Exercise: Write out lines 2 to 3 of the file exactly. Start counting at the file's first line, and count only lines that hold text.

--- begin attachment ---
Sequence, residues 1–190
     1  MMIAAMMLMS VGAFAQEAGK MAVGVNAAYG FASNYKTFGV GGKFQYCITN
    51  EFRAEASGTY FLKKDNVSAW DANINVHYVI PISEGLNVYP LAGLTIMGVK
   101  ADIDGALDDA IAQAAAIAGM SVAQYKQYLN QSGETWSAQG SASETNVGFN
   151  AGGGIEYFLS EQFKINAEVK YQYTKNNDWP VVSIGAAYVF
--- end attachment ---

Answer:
     1  MMIAAMMLMS VGAFAQEAGK MAVGVNAAYG FASNYKTFGV GGKFQYCITN
    51  EFRAEASGTY FLKKDNVSAW DANINVHYVI PISEGLNVYP LAGLTIMGVK